Version Control with Git


Learning Objectives

  • Explain why adding licensing and citation information to a project repository is important.
  • Choose a proper license.
  • Explain differences in licensing and social expectations.

When a repository with source code, a manuscript or other creative works becomes public, it should include a file LICENSE or LICENSE.txt in the base directory of the repository that clearly states under which license the content is being made available. This is because as creative works, source code is automatically eligible for intellectual property (and thus copyright) protection. Code that appears to be, or is expressly advertised as freely available has not waived such protection. Hence, those who (re)use code that lacks a license statement do so on their own peril, because the author(s) of the software code can always unilaterally make such reuse illegal.

A license solves this problem by granting rights to others (the licensees) that they would otherwise not have. What rights are being granted under which conditions differs, often only slightly, from one license to another. In contrast to proprietary licenses, the open licences certified by the Open Source Initiative all grant at least the following rights, referred to as the Open Source Definition:

  1. The source code is available, and may be used and redistributed without restrictions, including as part of aggregate distributions.
  2. Modifications or other derived works are allowed, and can be redistributed as well.
  3. The question of who receives these rights is not subject to discrimination, including not by fields of endeavor such as commercial versus academic.

How best to choose an appropriate license can seem daunting, given how many possibilities there are. In practice, a few licenses are by far the most popular, including the following:

The GPL is different from most other open source licenses in that it is infective: anyone who distributes a modified version of the code, or anything that includes GPL’ed code, must make their code freely available as well.

The following article provides an excellent overview of licensing and licensing options from the perspective of scientists who also write code:

Morin, A., Urban, J., and Sliz, P. “A Quick Guide to Software Licensing for the Scientist-Programmer” PLoS Computational Biology 8(7) (2012): e1002598.

At the end of the day what matters is that there is a clear statement as to what the license is, and that the license is one already vetted and approved by OSI. Also, the license is best chosen from the get-go, even if for a repository that is not public. Pushing off the decision only makes it more complicated later, because each time a new collaborator starts contributing, they, too, hold copyright and will thus need to be asked for approval once a license is chosen.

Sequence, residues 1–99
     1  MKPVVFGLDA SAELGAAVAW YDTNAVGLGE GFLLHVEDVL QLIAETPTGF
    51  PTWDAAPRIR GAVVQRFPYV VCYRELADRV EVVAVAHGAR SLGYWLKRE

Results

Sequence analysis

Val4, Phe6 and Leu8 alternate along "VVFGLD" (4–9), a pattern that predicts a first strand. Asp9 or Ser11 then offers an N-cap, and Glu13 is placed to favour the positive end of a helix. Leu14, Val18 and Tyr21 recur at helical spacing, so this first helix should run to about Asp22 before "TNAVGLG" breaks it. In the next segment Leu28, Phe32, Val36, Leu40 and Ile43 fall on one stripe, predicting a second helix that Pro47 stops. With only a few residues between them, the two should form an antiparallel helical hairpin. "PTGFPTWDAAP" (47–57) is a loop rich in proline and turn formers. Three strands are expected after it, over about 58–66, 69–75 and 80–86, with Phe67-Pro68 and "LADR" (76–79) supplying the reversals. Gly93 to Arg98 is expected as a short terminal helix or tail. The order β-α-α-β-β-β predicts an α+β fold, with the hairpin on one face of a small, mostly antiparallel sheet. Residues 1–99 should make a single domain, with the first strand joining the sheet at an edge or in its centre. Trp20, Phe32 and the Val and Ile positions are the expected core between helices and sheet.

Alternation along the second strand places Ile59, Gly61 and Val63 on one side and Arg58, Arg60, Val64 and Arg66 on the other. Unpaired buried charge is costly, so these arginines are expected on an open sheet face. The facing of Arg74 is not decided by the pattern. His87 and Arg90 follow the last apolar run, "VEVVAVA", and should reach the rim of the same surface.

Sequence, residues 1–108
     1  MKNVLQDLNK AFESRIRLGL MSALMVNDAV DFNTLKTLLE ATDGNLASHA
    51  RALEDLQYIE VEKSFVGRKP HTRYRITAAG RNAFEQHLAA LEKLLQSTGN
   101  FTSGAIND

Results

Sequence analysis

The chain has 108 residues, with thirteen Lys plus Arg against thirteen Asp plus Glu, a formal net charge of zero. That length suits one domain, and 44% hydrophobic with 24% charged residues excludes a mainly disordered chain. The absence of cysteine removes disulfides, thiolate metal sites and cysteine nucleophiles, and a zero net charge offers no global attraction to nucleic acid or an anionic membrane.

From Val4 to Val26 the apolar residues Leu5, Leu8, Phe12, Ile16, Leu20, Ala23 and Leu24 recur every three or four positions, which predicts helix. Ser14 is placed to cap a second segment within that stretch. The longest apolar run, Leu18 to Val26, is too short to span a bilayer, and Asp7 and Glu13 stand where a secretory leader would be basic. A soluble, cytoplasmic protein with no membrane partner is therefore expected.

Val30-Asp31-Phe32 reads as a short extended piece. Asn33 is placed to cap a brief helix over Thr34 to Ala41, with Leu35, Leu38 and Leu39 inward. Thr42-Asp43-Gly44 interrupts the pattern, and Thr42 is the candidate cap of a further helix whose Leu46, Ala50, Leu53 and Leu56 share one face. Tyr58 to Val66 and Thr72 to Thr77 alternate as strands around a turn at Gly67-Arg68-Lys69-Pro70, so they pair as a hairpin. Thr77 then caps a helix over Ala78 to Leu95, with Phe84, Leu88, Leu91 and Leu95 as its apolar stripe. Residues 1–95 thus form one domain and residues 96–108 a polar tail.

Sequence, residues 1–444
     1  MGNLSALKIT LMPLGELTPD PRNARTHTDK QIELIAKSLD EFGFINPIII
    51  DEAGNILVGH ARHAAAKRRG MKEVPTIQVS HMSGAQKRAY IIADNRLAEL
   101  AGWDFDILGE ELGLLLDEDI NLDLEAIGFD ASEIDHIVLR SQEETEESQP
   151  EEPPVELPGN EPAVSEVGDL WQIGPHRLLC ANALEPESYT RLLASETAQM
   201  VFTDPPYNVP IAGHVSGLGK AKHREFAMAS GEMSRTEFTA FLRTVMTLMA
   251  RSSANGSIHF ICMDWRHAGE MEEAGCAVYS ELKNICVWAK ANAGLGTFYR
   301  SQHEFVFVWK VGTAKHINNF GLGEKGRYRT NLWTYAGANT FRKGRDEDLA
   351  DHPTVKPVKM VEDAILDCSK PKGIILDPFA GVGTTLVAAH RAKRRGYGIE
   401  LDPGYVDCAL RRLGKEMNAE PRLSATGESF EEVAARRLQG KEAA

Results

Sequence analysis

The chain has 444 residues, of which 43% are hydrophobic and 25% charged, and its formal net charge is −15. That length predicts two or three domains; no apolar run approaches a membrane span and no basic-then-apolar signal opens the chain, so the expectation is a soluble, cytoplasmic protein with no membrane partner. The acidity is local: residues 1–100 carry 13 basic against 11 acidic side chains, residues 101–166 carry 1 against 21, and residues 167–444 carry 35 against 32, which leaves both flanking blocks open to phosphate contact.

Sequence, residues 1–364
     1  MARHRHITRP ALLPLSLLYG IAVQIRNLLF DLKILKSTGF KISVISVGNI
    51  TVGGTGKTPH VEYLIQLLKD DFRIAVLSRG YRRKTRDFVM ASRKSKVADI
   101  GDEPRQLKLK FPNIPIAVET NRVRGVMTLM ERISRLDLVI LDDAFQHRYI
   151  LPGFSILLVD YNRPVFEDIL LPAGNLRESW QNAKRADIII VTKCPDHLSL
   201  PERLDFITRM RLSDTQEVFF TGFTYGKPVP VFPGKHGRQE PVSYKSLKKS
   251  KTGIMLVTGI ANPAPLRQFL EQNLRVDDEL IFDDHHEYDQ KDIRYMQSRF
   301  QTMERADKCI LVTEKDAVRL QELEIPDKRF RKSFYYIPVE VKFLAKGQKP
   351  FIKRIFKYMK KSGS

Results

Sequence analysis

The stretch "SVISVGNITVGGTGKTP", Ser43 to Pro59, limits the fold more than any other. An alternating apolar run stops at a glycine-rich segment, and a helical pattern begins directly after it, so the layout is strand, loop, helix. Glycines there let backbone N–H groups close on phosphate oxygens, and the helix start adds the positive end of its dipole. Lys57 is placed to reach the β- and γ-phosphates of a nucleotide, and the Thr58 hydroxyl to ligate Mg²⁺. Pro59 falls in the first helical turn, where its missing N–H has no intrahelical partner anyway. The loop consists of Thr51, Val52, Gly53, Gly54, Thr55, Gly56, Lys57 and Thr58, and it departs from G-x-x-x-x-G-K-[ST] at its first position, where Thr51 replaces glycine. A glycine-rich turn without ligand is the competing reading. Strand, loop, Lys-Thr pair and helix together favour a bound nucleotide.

If the content of a repository contains reseach products other than software, such as data, and/or creative writing (manuals, technical reports, manuscripts), most licenses designed for software are not suitable.

  • Data: In most jurisdictions most types of data (with possibly the exception of photos, medical images, etc) are considered facts of nature, and are hence not eligible for copyright protection. Therefore, using a license, which by definition asserts copyright, to signal social or scholarly expectations for attribution serves only to create a legally murky situation. It is much better to clarify the legal side with a public domain waiver such as Creative Commons Zero (CC0), and the social expectations side with express requests for how to use and cite the data. The Dryad data repository in fact requires this.

  • Creative works: Manuals, reports, manuscripts and other creative works are eligible for intellectual property protection and are hence automatically protected by copyright, just as software source code. Creative Commons has prepared a set of licenses using combinations of four basic restrictions:

    • Attribution: derived works must give the original author credit for their work.
    • No Derivatives: people may copy the work, but must pass it along unchanged.
    • Share Alike: derivative works must license their work under the same terms as the original.
    • Noncommercial: free use is allowed, but commercial use is not.

Only the Attribution (CC-BY) and Share-Alike (CC-BY-SA) licenses are considered “Open”.

Software Carpentry uses CC-BY for its lessons and the MIT License for its code in order to encourage the widest possible re-use. Again, the most important thing is for the LICENSE file in the root directory of your project to state clearly what your license is. You may also want to include a file called CITATION or CITATION.txt that describes how to reference your project; the one for Software Carpentry states:

To reference Software Carpentry in publications, please cite both of the following:

Greg Wilson: "Software Carpentry: Lessons Learned". arXiv:1307.5448, July 2013.

  author      = {Greg Wilson},
  title       = {Software Carpentry: Lessons Learned},
  version     = {1},
  date        = {2013-07-20},
  eprinttype  = {arxiv},
  eprint      = {1307.5448}

Can I Use Open License?

Find out whether you are allowed to apply an open license to your software. Can you do this unilaterally, or do you need permission from someone in your institution? If so, who?